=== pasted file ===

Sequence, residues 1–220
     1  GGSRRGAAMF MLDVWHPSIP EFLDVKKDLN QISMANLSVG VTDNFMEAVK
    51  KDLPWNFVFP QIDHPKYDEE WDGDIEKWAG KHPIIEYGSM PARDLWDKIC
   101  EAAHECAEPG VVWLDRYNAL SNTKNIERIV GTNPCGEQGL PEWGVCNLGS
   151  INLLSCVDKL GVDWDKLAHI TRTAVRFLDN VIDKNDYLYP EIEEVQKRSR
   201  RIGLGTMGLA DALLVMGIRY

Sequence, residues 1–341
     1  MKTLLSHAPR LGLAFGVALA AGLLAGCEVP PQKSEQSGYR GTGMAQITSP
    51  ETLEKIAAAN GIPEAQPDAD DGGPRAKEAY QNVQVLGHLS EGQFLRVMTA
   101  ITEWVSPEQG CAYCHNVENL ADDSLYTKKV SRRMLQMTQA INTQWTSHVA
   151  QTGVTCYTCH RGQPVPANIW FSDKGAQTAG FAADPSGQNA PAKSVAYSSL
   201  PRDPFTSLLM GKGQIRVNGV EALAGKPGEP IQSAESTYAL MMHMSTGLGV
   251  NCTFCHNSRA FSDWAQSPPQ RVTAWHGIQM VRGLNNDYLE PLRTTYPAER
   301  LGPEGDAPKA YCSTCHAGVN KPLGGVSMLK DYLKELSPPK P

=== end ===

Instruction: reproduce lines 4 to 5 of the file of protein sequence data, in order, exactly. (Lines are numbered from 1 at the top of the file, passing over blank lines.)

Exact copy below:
   101  EAAHECAEPG VVWLDRYNAL SNTKNIERIV GTNPCGEQGL PEWGVCNLGS
   151  INLLSCVDKL GVDWDKLAHI TRTAVRFLDN VIDKNDYLYP EIEEVQKRSR